Steven Millhauser's We Others: Why a sampling of his amazing stories makes you want a full collection of them.

Steven Millhauser's We Others: Why a sampling of his amazing stories makes you want a full collection of them.

Steven Millhauser's We Others: Why a sampling of his amazing stories makes you want a full collection of them.

Reading between the lines.
Sept. 14 2011 10:16 AM

The Fantastic Realist

In the realm of the absurd, Steven Millhauser explores real feelings.

Steven Millhauser. Click image to expand.
Steven Millhauser

We Others: New and Selected Stories has made me cross, and for reasons you might not expect. The collection is all the things a person wants a Steven Millhauser book to be: lapidary, disturbing, mandarin, brilliant, perverse, and funny. As befits a book whose very title is given in the collective first person, it contains a teeming multitude of strange voices. There's not a dog in the bunch. A new-and-selected-stories collection is an invitation to look at a writer's career, and Millhauser's has been a long, strange trip. It's not his biography that's been weird, but his work—and weird in the old-fashioned sense.

Millhauser has refused pure realism from the start, but he's not a formal gamesman like Donald Barthelme. His narrative structures are usually old-fashioned. It's what he does with them that's surprising. He uses comfortable story, novella, and novel forms to take us into the realms of the fantastic and the absurd. For many writers this would be—has been—enough. But Millhauser goes a further step. As strange as his characters' experiences may be—watching a friend fall in love with a giant frog; telling us what it's like to live as a ghost; flying around the backyard on a carpet—he always delivers us eventually to felt human experience. He uses these odd situations to try to get at subtle, hard to pin down, and very real human feelings.

It's difficult to give an overview of Millhauser's work because it's so varied. But a close look reveals that within his wide horizon of subject matter, there are certain forms of storytelling he elects to revisit again and again. The first form is the purely absurd, which has fueled his short fiction in celebrated collections starting with In the Penny Arcade (1986) up through Dangerous Laughter, his euphorically reviewed collection from just a couple of years back.


Millhauser also specializes in stories that try to get below the surface of ordinary life. He probes hard at tiny moments—such as a character's anticipatory approach to the first summer dip in the lake in the story "Getting Closer." At the opposite end of the spectrum, Millhauser is a master of the purely fantastical—stories that feel witty and contemporary but also make gemlike little fairy tales. His astounding novella collection, The King in the Tree, falls into this category. Millhauser shows in this work that he can write with a hard, glittering beauty.

But he is probably most famous for his rarified and unusual historical fiction. He repeatedly explores the technologies and art forms that were new in the 19th century, wondering and worrying over the birth of the modern. This obsession—a word I think it is fair to use—informed his Pulitzer Prize-winning novel Martin Dressler(1996).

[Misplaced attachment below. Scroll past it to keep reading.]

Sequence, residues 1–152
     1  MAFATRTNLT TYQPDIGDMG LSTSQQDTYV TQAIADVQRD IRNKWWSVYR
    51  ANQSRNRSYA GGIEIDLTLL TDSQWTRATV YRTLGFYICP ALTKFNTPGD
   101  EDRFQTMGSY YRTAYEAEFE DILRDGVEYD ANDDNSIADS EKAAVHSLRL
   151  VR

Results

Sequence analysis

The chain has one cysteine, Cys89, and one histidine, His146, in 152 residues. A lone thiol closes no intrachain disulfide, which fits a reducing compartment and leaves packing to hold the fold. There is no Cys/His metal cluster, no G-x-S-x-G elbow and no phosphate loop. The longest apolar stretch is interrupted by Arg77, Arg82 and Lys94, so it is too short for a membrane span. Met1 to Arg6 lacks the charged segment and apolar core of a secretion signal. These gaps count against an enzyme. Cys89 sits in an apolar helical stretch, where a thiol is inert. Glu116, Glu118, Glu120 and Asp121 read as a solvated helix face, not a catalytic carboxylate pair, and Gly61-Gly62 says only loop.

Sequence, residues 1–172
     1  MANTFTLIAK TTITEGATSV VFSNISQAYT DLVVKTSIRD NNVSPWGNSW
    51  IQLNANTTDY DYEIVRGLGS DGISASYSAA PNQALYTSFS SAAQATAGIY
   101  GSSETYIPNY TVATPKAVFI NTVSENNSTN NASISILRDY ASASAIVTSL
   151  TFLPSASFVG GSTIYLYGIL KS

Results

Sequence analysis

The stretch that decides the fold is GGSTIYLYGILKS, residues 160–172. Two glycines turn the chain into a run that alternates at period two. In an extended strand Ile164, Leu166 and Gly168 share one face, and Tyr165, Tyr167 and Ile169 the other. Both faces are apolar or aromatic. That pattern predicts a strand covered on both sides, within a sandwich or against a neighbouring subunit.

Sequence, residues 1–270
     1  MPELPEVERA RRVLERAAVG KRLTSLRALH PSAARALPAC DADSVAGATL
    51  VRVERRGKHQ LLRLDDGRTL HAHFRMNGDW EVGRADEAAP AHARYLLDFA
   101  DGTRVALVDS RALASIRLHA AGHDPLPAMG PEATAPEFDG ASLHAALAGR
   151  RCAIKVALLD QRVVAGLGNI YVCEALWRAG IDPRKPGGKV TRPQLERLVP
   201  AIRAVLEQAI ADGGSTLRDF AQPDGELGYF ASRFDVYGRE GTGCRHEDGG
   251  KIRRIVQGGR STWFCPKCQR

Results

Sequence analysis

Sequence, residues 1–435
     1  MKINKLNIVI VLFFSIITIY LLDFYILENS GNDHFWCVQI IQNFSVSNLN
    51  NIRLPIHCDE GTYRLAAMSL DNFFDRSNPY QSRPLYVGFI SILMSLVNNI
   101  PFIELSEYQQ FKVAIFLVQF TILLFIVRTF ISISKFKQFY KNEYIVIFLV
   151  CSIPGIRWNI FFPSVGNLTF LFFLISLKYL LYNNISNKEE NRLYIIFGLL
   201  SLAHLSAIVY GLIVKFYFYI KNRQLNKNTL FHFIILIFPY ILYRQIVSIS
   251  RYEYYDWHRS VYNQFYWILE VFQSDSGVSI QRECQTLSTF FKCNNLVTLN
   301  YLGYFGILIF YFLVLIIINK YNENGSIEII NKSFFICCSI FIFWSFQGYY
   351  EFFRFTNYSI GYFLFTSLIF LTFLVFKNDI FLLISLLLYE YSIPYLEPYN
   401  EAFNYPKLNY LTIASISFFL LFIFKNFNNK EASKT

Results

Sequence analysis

All of these seductive forms are found in We Others—except, interestingly, the beautiful fable, of which more in a bit. The book opens with seven new stories. A longtime master of the short form, Millhauser shows in these new pieces that he has somehow managed to improve what was already very good, writing with increased clarity, power, and emotional heft. The opening story, "The Slap," is told from the collective point of view of the townspeople of a smug commuter town where an unknown assailant has taken to slapping random victims. The story manages to indict elite complacency without slipping into sophomoric American Beauty-type cliches.

The slaps force the townspeople to reassess their comfortable lives:

Most of us know we're lucky to live in a town like this, where crime is low. … We also understand that to someone from another place, to someone who is disappointed or unhappy, someone for whom life has not worked out in the way it might have, our town may seem to have a certain self-satisfaction, even a smugness. We understand that, for such a person, there may be much to dislike, in a town like ours.

This is a neat trick: Millhauser makes us sympathize with the outsider, the slapper, through the words of his victims. This displacement of sympathy is typical of his stories; you as a reader often find yourself on the wrong end of the stick, or, if not the wrong end exactly, then at least the poky, awkward one.

My favorite piece in the book, and one of my favorite Millhauser stories ever, is "Tales of Darkness and the Unknown, Vol. XIV: The White Glove." A young man in his senior year of high school befriends a beguiling, calm girl named Emily who keeps her hand mysteriously encased inside a glove. The story leads up to a climactic moment when Emily's glove is removed and our hero sees what lies within. Millhauser uses the conventions of horror to reveal a lot about adolescent anomie and the difficulty of knowing another person.